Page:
Call for Papers: Experimental Psychology and the Notion of Personhood (Scientia et Fides)

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Scott Harrower (Ridley College, Australia), Ryan Peterson (Biola University, USA) and Juan F. Franck (Universidad Austral, Argentina)

The proposed Special Issue of Scientia et Fides aims at documenting and promoting high level integrative work that extends the insights of psychological science into the philosophical and theological discussions of what is a person.

Psychological science is based upon empirical research and concepts that justifiably arise from data. It often requires the revision of previous models by asking new questions, thereby opening up new avenues for exploration in theological and philosophical debates that have gotten bogged down. Theology and philosophy would be thus greatly strengthened if these disciplines were able to warrant their claims and also nuance these based upon the findings of psychological science. There has been some remarkable mutual interdisciplinary enrichment in the study of free will, agency, moral attitudes, character building, and religious beliefs. This Special Issue capitalizes on the fruitfulness of such previous work, inviting cross-disciplinary studies on the relevance and import of psychological science for renovating philosophical and theological discussions on personhood.

Philosophers, theologians and psychologists (especially those in the developmental and social fields), share a common interest in the notion of personhood. It is an anchor point that supports a rich phenomenological description of our human experience (embodiment, subjectivity, interiority, relationality, spirituality, morality and transcendence), it accounts for the metaphysical place of man in the great chain of being, and it also reflects the presence of the divine, thus illuminating the foundations of religion. The present call for papers welcomes a wide variety of views and subjects. It aims at overcoming the sterility of overly strict epistemological divides, at the same time as recognizing some necessary methodological distinctions. It therefore endeavors to contribute to an expanded exercise of reason, bringing together mutually illuminating research methodologies.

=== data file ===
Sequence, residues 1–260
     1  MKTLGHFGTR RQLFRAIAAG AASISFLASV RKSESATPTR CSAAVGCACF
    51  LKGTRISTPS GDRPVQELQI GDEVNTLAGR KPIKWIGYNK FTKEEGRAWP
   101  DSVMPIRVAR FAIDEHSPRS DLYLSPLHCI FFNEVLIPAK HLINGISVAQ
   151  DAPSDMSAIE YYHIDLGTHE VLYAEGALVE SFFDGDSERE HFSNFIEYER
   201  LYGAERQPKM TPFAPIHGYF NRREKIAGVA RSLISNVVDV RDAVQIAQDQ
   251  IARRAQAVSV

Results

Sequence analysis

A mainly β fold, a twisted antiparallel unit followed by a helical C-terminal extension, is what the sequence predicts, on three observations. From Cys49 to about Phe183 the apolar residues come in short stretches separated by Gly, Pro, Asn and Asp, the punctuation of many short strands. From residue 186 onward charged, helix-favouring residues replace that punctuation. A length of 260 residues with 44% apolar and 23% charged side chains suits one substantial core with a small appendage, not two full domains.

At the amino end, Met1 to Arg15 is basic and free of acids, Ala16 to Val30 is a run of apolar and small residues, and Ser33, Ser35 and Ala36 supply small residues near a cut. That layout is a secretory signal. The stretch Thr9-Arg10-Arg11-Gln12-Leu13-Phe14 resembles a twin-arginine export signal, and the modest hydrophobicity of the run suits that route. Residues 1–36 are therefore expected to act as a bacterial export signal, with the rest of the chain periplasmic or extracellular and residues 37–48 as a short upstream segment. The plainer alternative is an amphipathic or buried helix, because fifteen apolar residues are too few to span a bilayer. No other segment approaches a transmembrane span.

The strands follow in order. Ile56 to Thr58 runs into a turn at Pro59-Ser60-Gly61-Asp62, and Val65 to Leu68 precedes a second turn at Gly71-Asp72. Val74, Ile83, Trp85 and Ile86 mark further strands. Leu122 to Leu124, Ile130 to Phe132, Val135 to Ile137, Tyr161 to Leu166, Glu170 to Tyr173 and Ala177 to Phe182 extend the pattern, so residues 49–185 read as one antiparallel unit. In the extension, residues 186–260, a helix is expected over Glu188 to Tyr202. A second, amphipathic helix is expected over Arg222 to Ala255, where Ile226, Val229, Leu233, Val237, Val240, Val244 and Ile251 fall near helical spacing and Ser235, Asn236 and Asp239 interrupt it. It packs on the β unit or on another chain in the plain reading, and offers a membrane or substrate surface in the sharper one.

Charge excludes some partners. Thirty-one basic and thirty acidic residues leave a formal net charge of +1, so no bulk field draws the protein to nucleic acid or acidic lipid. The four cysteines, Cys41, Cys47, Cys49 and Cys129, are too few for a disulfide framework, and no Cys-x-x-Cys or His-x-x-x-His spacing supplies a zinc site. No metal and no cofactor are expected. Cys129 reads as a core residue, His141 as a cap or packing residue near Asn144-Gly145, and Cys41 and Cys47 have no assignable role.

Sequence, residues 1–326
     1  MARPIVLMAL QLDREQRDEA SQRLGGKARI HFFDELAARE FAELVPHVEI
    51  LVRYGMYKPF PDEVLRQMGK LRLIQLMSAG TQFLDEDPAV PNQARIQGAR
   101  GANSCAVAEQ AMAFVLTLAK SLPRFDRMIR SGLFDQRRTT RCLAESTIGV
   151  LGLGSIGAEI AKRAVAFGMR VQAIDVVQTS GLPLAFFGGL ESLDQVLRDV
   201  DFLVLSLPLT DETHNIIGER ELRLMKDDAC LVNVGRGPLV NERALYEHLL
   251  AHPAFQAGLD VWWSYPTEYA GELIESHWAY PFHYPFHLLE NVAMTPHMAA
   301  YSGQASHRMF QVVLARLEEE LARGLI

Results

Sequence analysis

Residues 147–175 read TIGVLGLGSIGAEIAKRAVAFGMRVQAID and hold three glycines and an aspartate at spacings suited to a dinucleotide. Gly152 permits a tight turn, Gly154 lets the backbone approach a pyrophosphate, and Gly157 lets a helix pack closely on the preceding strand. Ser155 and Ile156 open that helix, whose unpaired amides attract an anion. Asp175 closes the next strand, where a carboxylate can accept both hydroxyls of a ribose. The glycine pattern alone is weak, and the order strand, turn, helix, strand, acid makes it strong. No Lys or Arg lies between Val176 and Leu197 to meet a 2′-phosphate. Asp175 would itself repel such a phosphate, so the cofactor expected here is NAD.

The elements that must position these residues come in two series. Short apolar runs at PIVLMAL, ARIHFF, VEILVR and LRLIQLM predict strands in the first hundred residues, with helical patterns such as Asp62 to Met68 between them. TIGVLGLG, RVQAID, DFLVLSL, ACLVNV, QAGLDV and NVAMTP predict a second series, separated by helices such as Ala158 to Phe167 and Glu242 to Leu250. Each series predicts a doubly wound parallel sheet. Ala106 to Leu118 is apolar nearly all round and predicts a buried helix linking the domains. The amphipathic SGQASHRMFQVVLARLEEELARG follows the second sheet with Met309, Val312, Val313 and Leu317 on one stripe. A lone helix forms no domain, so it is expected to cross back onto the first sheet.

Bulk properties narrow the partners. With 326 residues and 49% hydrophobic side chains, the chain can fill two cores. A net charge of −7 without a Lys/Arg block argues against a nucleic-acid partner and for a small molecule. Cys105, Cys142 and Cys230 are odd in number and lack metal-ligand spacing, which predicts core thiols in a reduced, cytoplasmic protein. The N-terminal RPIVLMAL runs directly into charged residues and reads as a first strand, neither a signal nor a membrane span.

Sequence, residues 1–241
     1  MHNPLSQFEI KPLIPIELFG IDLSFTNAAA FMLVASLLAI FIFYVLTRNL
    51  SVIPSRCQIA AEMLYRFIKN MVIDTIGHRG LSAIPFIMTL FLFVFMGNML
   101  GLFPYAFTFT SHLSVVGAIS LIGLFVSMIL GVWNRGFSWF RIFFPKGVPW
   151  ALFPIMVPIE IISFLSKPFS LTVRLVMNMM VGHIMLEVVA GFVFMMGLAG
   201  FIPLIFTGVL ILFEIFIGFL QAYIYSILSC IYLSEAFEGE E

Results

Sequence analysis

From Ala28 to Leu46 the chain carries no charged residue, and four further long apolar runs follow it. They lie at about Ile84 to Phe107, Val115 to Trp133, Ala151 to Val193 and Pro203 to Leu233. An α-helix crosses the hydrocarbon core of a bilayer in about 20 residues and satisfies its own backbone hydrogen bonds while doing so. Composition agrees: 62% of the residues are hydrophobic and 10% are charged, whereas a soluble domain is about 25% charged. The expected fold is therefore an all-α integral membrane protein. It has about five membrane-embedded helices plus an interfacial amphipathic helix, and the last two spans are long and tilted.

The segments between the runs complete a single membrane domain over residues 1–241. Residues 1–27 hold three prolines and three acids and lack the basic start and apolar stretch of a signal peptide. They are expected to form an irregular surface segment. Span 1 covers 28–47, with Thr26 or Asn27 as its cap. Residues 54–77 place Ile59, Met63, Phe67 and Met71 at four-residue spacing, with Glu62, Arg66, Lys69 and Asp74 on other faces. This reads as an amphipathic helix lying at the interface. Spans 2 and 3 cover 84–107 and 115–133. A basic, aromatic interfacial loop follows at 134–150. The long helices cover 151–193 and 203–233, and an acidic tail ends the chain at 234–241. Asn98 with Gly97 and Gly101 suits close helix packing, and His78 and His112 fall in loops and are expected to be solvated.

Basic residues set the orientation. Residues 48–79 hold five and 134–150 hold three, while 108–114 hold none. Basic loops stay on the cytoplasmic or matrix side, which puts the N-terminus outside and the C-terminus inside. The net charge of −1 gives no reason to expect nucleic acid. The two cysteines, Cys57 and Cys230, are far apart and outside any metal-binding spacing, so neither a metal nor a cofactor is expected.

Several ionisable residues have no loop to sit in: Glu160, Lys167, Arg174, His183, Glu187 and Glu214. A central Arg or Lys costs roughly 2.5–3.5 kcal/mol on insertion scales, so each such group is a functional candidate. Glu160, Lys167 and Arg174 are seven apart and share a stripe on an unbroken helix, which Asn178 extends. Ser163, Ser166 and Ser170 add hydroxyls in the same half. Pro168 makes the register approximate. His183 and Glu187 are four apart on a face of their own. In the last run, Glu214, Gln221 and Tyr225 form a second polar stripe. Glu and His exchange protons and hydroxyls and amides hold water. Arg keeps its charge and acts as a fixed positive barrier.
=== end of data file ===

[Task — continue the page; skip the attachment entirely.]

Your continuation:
Papers submitted for review will reflect the present state of the art of debates and studies at the intersection of these fields, and will typically consist in either of the following, or a combination thereof: (1) theoretical or conceptual discussions that show why a fruitful engagement between experimental psychology and philosophy and/or theology can specifically advance our understanding of personhood; (2) specific contributions of psychological science that illuminate, enrich, challenge or nuance a particular notion of personhood; (3) claims and arguments drawn from philosophical or theological knowledge, which could open up new paths for collaborative work with experimental psychology.

Contributions in English, Spanish, Polish, German, French, Italian, or Portuguese, addressing abovementioned or related topics, may be submitted (after registration) on the journal’s website:

For further information, please contact the editors of the Special Issue at:  

The submission deadline is 31 May 2021.


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